Following the amalgamation of the Hudson’s Bay Company and the North West Company in 1821, the type of employment that Indigenous men were able to secure changed drastically. Before the amalgamation of the two companies, Indigenous men were paid an equal salary to their European counterparts, and were able to work in a wide range of positions. Some men were even able to secure the coveted position of officer. Their skills as hunters and trappers were valued, and men with ambition, regardless of ethnicity, were rewarded with more responsibility and more prestigious positions. However, after the amalgamation in 1821, Indigenous men were no longer afforded the luxury of vertical movement within the company. They were confined to servant/labour jobs and were openly discriminated against. It also became a rarity for Indigenous men to secure contracted work, which they had done previously. Instead, they were often restricted to being hired only seasonally. The Hudson's Bay Company also used Indigenous workers as a means of controlling European workers. They had Indigenous men perform tasks that the European men refused to do, and the company hired Indigenous workers at a lower wage than European workers to drive competition at a time where jobs were scarce.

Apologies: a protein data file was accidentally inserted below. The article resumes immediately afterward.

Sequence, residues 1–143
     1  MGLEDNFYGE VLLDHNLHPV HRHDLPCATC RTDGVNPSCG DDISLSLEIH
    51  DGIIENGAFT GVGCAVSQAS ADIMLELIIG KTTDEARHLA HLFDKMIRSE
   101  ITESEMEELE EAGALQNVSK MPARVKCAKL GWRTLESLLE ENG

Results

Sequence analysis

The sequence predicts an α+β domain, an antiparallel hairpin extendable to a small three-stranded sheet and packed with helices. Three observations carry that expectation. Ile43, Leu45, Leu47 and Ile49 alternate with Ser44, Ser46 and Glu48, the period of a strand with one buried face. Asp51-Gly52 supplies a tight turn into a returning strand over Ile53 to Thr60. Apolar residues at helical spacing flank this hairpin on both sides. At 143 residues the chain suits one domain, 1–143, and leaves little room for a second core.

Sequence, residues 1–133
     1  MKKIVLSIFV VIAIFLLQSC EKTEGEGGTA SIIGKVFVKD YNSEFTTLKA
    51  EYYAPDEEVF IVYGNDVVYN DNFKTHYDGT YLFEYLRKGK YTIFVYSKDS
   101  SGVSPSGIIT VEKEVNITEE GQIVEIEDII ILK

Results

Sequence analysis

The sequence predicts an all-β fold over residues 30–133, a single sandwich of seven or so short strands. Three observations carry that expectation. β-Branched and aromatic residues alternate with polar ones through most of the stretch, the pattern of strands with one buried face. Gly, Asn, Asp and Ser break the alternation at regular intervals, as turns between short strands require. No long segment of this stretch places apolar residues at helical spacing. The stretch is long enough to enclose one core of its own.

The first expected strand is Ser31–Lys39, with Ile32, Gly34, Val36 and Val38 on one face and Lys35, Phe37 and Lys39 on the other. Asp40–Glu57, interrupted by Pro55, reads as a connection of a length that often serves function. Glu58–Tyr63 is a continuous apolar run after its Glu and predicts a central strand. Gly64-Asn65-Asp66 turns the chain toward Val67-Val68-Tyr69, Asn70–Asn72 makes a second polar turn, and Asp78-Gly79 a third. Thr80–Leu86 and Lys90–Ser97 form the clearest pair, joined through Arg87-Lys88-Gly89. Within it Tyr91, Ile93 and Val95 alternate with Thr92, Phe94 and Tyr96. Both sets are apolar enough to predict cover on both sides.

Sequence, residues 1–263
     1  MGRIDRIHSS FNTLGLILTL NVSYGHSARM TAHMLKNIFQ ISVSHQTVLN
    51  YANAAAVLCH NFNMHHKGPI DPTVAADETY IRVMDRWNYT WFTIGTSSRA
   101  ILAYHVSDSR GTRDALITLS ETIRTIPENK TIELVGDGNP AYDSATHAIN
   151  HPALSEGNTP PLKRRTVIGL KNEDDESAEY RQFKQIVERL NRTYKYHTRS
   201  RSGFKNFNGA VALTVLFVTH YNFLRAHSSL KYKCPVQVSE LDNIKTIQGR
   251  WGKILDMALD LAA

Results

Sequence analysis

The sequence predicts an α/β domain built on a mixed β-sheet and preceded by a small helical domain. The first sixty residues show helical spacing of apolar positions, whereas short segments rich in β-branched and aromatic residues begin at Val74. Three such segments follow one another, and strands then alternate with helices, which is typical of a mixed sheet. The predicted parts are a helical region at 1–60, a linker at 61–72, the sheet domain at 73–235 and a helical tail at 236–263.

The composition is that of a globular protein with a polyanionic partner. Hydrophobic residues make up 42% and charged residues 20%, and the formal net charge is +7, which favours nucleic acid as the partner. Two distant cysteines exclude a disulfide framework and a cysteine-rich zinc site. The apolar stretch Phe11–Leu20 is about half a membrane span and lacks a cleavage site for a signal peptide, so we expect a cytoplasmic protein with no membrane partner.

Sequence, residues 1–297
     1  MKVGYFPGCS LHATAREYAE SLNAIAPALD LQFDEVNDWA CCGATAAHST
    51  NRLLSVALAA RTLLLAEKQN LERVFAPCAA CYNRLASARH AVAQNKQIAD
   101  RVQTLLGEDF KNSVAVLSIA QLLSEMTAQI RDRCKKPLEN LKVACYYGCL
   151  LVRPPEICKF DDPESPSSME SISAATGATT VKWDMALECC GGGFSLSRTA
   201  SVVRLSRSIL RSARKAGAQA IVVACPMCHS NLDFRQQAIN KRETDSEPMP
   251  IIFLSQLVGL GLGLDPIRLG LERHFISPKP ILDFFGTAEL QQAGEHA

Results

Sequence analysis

Some Indigenous individuals were hired as apprentices in the skilled trades (carpenters, blacksmiths, etc.); however, Indigenous men in these positions did not experience promotions to the higher positions with a comparable wage. An alternative for Indigenous men hoping to earn more money was to conduct trade outside the monopoly company. This became very lucrative for certain Indigenous peoples based in the Red River area.